We all know that honey comes from bees. But we’ve been taking bees for granted that the population levels of more than 700 North American bee species are declining. What’s worse is that half of that species is at risk of extinction. And that’s only the North American ones, the fate of the rest species is more or less the same.
A pollinator researcher Kelsey Kopec lamented this fact, “We’re on the verge of losing hundreds of native bee species in the United States if we don’t act to save them. If we don’t act to save these remarkable creatures, our world will be a less colorful and more lonesome place.”
True enough. Insects like bees play an important role as pollinators to agricultural industry. The devastation caused by total loss of bees is totally immeasurable and unimaginable. It affects not just the environment, but also humankind, particularly in economic and welfare matters.
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Why is the population declining?
There’s a top culprit; pesticides. European Food Safety Authority reported that wild bees and honeybees are put at risk by neonicotinoids. The assessment found that the decline is due to factors such as the types of bee. Dr. Jose Tarazona, head of EFSA pesticide unit said, “But overall the risk to the three types of bees we have assessed is confirmed.”
Neonicotinoids was manufactured and sold by various, well-known companies such as Bayer and Syngenta. Because of its risky nature to the bees, however, European Union is prompted to ban the use of these chemicals. A spokesperson for EU executive stated, “This is strengthening the scientific basis for the Commission’s proposal to ban outdoor use of the three neonicotinoids.”
This decision doesn’t come without opposition. Crop chemical companies have argued that bees are plummeting not because of pesticides alone. Instead, it’s a complex phenomenon caused by a number of factors, and EFSA has overstated it. They say the risks are manageable and it’ll negatively affect farmers.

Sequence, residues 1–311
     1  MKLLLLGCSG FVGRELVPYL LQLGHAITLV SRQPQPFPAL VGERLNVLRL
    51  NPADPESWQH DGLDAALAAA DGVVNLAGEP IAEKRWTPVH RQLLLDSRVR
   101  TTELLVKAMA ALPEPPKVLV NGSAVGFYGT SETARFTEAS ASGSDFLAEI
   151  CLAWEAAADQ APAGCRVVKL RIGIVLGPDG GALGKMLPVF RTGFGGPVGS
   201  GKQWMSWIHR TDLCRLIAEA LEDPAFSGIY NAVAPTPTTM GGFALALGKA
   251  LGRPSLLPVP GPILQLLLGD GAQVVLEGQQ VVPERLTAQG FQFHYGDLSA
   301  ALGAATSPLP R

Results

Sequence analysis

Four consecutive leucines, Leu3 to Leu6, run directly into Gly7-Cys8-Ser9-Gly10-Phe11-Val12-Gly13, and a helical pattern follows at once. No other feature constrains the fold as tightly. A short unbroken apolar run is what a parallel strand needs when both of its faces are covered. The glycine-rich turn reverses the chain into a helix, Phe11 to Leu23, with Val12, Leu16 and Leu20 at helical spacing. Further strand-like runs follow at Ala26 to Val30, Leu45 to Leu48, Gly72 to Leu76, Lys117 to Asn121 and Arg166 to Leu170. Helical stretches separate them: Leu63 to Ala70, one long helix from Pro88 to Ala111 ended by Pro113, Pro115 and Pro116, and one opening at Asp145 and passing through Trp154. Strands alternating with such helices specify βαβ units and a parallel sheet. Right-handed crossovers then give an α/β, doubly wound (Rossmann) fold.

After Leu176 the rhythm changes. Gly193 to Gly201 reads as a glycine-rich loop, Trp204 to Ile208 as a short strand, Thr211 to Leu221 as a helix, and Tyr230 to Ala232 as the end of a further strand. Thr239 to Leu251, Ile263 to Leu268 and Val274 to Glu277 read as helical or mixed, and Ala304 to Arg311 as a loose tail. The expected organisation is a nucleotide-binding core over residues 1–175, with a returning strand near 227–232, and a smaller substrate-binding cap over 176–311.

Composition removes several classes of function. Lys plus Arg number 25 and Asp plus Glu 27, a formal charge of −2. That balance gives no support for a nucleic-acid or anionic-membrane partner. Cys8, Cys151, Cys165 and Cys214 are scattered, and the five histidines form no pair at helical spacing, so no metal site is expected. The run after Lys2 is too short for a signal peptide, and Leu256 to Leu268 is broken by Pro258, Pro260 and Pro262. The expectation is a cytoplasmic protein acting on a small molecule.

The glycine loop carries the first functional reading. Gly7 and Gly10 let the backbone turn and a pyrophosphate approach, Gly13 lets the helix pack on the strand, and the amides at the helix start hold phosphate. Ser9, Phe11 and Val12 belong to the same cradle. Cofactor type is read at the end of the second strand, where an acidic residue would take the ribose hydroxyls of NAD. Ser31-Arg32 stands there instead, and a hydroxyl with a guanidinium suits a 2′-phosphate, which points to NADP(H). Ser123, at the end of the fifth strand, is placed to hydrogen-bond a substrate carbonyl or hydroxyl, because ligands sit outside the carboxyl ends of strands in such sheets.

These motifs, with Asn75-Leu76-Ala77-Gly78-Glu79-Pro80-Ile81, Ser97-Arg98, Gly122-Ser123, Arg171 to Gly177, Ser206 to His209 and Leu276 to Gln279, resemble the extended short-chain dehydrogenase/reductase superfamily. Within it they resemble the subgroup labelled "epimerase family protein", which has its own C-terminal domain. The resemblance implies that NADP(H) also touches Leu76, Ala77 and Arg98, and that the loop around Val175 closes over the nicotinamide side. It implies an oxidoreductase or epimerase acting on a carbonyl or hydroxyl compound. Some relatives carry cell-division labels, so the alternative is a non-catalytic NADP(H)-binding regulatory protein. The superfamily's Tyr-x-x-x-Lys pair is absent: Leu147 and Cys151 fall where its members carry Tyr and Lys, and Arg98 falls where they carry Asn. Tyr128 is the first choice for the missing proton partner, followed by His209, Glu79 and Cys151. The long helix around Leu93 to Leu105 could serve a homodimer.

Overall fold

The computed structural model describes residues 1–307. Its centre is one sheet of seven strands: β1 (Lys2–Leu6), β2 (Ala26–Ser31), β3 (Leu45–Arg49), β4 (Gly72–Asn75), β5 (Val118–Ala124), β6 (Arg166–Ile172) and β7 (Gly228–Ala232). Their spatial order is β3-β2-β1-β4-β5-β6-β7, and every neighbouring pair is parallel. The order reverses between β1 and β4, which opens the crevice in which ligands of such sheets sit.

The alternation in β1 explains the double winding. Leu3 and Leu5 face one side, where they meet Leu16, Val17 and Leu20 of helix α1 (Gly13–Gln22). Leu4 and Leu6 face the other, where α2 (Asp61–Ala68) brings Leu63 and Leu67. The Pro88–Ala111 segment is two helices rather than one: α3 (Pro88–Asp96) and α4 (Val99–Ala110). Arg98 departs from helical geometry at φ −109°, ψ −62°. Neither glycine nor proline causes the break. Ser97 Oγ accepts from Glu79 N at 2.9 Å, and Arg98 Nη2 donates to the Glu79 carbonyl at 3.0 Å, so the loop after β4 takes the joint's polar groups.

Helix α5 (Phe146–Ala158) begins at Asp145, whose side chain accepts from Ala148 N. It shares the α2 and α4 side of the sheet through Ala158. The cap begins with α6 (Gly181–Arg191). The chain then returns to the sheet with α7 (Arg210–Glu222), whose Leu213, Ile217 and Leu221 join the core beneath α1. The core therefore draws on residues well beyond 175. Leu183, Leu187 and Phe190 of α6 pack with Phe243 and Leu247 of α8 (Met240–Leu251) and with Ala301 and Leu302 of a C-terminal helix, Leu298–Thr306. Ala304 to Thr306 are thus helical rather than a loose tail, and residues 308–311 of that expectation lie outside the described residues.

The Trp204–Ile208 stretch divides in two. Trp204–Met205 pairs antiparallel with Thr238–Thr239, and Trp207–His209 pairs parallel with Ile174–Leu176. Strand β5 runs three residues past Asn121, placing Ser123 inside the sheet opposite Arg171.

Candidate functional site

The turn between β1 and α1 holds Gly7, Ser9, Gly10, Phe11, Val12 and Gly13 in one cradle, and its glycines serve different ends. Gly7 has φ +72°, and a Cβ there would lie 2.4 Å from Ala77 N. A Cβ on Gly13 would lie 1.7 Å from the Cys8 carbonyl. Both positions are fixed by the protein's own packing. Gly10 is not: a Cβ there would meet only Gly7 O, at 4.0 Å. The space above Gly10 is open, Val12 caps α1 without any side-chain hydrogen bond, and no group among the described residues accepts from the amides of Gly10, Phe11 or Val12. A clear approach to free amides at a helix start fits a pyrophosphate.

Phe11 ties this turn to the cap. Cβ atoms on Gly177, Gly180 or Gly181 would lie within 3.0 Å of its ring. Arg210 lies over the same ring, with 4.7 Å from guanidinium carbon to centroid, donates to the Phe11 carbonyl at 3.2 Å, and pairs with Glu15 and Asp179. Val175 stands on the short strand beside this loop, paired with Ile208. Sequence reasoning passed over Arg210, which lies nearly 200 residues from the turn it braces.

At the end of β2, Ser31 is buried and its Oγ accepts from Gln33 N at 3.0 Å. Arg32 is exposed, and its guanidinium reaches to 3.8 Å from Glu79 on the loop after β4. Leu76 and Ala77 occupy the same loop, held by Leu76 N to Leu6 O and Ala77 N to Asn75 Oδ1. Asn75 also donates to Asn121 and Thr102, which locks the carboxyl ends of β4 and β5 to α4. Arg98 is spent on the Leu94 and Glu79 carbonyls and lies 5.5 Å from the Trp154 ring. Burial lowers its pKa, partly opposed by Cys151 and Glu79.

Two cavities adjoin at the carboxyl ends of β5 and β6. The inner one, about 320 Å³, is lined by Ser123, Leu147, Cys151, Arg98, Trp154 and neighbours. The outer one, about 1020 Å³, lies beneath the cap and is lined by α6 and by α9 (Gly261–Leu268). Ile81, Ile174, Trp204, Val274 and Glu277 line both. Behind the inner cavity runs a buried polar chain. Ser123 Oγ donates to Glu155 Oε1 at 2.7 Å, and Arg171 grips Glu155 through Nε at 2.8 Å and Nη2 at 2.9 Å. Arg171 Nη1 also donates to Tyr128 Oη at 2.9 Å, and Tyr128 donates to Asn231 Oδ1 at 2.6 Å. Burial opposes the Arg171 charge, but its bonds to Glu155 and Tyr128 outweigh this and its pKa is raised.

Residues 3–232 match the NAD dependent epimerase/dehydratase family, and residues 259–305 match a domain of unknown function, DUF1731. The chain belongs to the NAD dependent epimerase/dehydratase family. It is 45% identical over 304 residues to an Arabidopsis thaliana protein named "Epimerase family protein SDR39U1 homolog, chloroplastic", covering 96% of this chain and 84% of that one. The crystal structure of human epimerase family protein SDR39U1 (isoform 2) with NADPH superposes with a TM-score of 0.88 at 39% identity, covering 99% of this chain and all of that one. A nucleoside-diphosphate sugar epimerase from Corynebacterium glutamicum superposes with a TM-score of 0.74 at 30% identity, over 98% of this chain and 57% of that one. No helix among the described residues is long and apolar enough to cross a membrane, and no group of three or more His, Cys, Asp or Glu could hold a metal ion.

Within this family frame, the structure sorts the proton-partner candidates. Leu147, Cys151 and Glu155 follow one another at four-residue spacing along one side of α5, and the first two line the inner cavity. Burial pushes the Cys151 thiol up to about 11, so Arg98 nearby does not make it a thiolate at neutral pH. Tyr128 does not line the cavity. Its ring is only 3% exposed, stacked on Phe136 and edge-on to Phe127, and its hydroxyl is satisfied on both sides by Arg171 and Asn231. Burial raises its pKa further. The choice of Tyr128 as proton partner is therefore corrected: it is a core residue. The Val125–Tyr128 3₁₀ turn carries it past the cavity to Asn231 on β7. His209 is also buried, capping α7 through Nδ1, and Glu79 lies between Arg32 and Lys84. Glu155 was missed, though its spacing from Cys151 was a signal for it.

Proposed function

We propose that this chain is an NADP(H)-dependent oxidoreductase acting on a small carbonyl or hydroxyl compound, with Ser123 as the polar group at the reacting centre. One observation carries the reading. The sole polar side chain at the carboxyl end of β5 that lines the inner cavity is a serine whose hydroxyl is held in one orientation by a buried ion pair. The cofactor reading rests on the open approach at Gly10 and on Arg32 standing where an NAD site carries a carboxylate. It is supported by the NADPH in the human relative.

Graeme Taylor of European Crop Protection Association said, “Farmers need access to a broad range of tools to protect their crops.” Field studies in Europe and Canada also gave mixed results. According to their studies, neonicotinoids have negative effects to the bees, but there are some positive effects too, depending on the environmental context.
The EFSA report assessed bee exposure to three specific neonicotinoids (clothianidin, imidacloprid, and thiamethoxam) through three methods. There are residues in bee pollen and nectar, dust drift, and water consumption. The report shows that when the pesticides are used on greenhouses crops, the risk is low.
The EFSA report looked in detail at three specific neonicotinoids, clothianidin, imidacloprid and thiamethoxam, and assessed bee exposure to them via three routes: residues in bee pollen and nectar, dust drift during sowing or application of treated seeds, and water consumption.
The report shows that pesticides in greenhouse crops have a low risk to bees. When neonicotinoids are used on flowering field crops, then the bees are at high risk.
But since there are negative effects nonetheless, environmental campaigners like Greenpeace believed that the the ban of neonicotinoids must be regulated. “National governments must stop dithering to prevent the catastrophic collapse of bee populations,” Greenpeace EU food policy adviser Franziska Achterberg said.
(Read also: Pesticides that you can make from plants)
Natural causes that affect bee population